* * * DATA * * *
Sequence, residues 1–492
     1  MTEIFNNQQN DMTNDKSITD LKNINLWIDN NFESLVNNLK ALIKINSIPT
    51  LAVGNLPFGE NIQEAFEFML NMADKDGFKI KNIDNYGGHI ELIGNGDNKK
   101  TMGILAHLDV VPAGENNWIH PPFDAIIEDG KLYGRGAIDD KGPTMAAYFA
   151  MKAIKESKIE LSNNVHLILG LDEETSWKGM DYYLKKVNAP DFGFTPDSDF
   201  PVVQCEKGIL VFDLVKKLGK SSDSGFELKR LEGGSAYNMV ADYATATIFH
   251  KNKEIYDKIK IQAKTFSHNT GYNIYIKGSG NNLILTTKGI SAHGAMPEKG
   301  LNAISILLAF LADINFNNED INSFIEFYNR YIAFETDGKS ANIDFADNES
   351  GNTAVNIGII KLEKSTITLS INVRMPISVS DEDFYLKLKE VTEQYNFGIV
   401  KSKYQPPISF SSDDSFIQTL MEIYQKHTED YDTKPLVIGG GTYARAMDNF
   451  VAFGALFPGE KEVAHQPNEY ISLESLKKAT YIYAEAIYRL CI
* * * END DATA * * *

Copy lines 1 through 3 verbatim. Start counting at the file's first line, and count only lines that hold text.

Sequence, residues 1–492
     1  MTEIFNNQQN DMTNDKSITD LKNINLWIDN NFESLVNNLK ALIKINSIPT
    51  LAVGNLPFGE NIQEAFEFML NMADKDGFKI KNIDNYGGHI ELIGNGDNKK